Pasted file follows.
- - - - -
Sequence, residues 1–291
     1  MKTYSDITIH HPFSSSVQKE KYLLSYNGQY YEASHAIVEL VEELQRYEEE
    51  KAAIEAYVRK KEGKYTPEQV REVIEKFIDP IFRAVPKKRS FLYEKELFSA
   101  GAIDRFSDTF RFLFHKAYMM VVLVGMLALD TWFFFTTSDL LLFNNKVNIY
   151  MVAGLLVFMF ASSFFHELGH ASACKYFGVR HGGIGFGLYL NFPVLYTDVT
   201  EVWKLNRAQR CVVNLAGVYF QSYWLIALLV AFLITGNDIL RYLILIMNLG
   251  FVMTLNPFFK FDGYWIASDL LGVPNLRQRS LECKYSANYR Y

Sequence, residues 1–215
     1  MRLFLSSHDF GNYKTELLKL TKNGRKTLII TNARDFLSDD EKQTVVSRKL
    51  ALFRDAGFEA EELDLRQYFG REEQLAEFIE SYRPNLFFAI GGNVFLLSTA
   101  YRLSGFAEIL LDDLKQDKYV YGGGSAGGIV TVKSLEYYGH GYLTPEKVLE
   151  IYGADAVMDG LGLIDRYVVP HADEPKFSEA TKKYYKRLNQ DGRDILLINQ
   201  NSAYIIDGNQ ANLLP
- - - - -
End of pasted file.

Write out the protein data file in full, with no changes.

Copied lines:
Sequence, residues 1–291
     1  MKTYSDITIH HPFSSSVQKE KYLLSYNGQY YEASHAIVEL VEELQRYEEE
    51  KAAIEAYVRK KEGKYTPEQV REVIEKFIDP IFRAVPKKRS FLYEKELFSA
   101  GAIDRFSDTF RFLFHKAYMM VVLVGMLALD TWFFFTTSDL LLFNNKVNIY
   151  MVAGLLVFMF ASSFFHELGH ASACKYFGVR HGGIGFGLYL NFPVLYTDVT
   201  EVWKLNRAQR CVVNLAGVYF QSYWLIALLV AFLITGNDIL RYLILIMNLG
   251  FVMTLNPFFK FDGYWIASDL LGVPNLRQRS LECKYSANYR Y

Sequence, residues 1–215
     1  MRLFLSSHDF GNYKTELLKL TKNGRKTLII TNARDFLSDD EKQTVVSRKL
    51  ALFRDAGFEA EELDLRQYFG REEQLAEFIE SYRPNLFFAI GGNVFLLSTA
   101  YRLSGFAEIL LDDLKQDKYV YGGGSAGGIV TVKSLEYYGH GYLTPEKVLE
   151  IYGADAVMDG LGLIDRYVVP HADEPKFSEA TKKYYKRLNQ DGRDILLINQ
   201  NSAYIIDGNQ ANLLP